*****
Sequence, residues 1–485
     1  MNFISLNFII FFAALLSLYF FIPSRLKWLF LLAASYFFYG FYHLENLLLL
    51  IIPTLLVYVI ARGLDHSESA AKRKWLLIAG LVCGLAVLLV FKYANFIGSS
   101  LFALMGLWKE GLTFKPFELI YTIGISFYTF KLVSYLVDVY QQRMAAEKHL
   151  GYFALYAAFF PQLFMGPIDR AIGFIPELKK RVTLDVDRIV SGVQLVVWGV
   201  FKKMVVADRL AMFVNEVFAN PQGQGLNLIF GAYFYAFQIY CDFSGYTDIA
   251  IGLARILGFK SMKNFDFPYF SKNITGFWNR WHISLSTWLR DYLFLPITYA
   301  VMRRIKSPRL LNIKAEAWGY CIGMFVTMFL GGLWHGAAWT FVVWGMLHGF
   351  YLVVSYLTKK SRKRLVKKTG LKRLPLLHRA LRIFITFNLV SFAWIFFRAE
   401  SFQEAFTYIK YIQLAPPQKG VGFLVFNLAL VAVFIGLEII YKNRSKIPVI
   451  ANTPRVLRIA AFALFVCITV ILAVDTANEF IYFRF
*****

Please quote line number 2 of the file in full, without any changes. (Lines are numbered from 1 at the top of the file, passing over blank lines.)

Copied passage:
     1  MNFISLNFII FFAALLSLYF FIPSRLKWLF LLAASYFFYG FYHLENLLLL